So, why should you play this bundle of half-remembered leaps? In a word, hesitance. The first game arrived months after Super Mario 64; and, as Nintendo’s man, encastled in three dimensions, leapt through a collection of rippling portraits and altered the gaming landscape, others had a choice. Either follow, in headstrong fashion, and hope that you have enough ideas to fill the new space—and that the motions of your camera are as clean and cloud-borne as Mario’s. Or, stick to old-fashioned 2-D but dip a toe, and relish the ripples. So it was with Klonoa, who marched from left to right as the world swirled around him.

This strategy was popular among developers who saw the new and shining technology at their disposal not as a directive to throw out the past but as a way to polish it—to pry open those depths that previously lurked only in our heads. Hence the narcoleptic flights of Nights into Dreams, which arrived on the Sega Saturn in 1996, swimming with the newly polygonal but only snorkel-deep. And, as late as 2000, we got Kirby 64: The Crystal Shards, whose developer, HAL Laboratory, had far less appetite than its leading blob for inflation. That game clearly took its notes from Klonoa, with its regular trips into the background and its hero’s knack of holding enemies aloft and hurling them to and fro.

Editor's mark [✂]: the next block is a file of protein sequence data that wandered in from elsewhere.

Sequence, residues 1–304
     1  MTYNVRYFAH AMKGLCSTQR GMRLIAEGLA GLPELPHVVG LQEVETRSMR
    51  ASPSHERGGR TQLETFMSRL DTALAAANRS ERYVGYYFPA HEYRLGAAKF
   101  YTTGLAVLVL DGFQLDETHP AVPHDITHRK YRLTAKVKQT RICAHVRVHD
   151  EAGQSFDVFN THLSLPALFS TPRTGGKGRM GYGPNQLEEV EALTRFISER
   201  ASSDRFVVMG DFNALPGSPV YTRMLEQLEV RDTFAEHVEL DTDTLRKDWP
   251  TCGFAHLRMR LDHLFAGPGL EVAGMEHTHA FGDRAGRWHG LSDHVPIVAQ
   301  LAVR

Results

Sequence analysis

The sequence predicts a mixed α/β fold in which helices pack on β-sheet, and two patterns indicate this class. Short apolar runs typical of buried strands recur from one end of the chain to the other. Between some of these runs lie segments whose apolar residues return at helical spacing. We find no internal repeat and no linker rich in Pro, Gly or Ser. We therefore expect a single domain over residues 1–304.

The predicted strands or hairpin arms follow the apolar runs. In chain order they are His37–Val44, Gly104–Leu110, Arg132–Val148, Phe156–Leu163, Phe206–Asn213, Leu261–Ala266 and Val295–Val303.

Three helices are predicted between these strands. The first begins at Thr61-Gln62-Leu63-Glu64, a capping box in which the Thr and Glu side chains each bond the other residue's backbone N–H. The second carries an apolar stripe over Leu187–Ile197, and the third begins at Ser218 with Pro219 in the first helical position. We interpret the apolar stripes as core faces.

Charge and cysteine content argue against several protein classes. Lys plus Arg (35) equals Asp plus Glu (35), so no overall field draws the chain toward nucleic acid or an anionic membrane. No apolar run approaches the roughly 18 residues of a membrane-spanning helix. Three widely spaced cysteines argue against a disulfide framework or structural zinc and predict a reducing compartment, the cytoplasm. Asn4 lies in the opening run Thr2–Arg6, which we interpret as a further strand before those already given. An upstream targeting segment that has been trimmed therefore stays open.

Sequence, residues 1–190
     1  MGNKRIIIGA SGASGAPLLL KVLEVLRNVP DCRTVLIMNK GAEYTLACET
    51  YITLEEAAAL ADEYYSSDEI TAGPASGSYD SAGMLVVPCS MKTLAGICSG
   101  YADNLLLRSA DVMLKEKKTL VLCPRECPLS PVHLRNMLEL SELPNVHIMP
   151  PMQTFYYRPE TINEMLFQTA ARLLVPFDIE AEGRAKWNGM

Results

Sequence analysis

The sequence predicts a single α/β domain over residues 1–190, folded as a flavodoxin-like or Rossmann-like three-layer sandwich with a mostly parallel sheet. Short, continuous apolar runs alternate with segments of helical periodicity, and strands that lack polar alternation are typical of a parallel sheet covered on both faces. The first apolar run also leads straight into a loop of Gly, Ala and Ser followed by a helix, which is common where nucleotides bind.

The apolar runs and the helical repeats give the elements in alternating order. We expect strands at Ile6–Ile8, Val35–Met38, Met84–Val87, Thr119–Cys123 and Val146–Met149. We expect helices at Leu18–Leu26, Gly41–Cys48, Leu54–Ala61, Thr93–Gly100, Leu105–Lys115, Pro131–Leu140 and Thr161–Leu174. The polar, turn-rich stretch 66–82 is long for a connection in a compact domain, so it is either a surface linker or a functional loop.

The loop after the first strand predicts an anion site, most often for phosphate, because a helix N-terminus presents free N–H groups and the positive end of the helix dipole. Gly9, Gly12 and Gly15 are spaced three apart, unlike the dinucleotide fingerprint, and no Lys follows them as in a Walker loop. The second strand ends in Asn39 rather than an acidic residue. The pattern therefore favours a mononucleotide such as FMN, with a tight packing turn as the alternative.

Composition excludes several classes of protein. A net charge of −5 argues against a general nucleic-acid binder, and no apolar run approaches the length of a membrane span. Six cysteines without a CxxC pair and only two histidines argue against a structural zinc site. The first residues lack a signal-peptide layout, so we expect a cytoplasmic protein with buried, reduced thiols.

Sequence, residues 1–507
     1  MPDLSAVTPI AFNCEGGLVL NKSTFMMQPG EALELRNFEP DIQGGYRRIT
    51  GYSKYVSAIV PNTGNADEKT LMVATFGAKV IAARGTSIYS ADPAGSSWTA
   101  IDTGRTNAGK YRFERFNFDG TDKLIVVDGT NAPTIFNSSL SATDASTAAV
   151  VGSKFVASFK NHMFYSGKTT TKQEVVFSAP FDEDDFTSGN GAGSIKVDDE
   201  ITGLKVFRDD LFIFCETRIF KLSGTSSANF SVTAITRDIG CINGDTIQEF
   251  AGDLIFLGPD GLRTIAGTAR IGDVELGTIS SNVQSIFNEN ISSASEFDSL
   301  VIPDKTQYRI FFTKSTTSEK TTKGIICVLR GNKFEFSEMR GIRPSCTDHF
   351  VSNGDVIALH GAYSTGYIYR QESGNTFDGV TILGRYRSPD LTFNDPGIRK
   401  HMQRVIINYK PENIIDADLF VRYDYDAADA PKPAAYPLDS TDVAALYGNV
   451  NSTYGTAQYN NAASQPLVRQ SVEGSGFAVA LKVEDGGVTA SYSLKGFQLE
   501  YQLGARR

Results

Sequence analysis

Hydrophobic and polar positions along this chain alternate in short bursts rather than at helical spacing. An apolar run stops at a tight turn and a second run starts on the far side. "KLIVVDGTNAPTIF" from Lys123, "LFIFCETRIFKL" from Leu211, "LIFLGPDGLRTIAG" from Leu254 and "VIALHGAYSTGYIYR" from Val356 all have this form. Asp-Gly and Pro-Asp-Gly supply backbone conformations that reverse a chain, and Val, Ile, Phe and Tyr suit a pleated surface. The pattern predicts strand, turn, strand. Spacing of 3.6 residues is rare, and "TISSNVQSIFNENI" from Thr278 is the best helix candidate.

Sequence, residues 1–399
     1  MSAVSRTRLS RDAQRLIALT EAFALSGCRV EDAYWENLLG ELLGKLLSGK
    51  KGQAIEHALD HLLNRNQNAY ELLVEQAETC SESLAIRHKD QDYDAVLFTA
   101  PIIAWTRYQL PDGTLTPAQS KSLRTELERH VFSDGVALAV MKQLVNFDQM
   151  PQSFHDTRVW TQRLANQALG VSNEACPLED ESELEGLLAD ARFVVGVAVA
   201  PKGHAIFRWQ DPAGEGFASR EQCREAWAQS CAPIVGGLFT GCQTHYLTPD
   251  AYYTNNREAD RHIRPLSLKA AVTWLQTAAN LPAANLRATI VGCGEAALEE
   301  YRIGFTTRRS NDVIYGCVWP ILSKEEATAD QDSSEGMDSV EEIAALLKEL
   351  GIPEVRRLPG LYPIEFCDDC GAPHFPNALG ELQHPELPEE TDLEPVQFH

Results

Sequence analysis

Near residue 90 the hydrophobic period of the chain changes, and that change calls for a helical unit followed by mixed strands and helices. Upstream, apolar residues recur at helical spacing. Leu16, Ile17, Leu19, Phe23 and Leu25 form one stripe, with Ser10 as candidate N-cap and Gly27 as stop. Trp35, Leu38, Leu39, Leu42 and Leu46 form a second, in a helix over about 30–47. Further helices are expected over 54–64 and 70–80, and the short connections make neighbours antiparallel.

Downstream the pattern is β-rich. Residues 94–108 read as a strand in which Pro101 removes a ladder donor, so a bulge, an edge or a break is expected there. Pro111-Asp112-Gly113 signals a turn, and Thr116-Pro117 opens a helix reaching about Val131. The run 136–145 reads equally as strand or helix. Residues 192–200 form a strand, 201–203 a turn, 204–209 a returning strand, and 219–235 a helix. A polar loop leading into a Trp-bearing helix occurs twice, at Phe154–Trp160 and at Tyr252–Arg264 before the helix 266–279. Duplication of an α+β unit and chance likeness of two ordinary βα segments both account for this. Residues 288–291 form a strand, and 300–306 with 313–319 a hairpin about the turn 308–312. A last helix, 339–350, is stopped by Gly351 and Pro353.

By the time of Lunatea’s Veil, however, you could no longer claim that Namco was merely hanging fast to the bygone. What one presumed to be conservatism or reticence, at the time of Door to Phantomile, was evidently now an obsession. Watch, as our leporine star is fired from canons and curvets through the sky—a whirl of scenery, only for the camera to land securely back on its side-scrolling track. Namco deploys this trick many times, and teases us with background glimpses of other, reachable routes, laminated by our perspective. It is as if 3-D were being used to demonstrate the pleasures of interlocking design. Years before Dark Souls would treat pathways like hanks of rope, to be coiled, tied, and pulled loose; before Fez fished around in our heads and turned level design on its side; and before the limp proliferation of 2.5-D, Klonoa was playing in the space not just between dimensions but between generations of hardware. No wonder it was doomed to be lost in the folds of time.

With the PlayStation 2 at your disposal (and years to go before Xbox Live Arcade would bring vitality and vogue to the pixelated and the 16-bit) to make a 3-D game was the obvious move. Lunatea’s Veil materialised, on these shores, a month before Jak and Daxter: The Precursor Legacy, whose central twosome not only capered in full and birling 3-D but, it must be said, offered a more palatable blur of ears, attitude, and fur. But Namco, bound to a 2-D plane as if by honour, had rooted around in the outmoded and found something rarefied. In so doing, it seemed more leashed than Naughty Dog was to the legacy of its precursors. The truth is, our eminently forgettable hero may tip his hat to history, but these games always peered ahead.


Inline Feedbacks
View all comments

Klonoa Phantasy Reverie Series

on Nintendo Switch, PC, PlayStation 4, PlayStation 5, Xbox One, Xbox Series S, Xbox Series X
Klonoa Phantasy Reverie Series

Release Date:

08 July 2022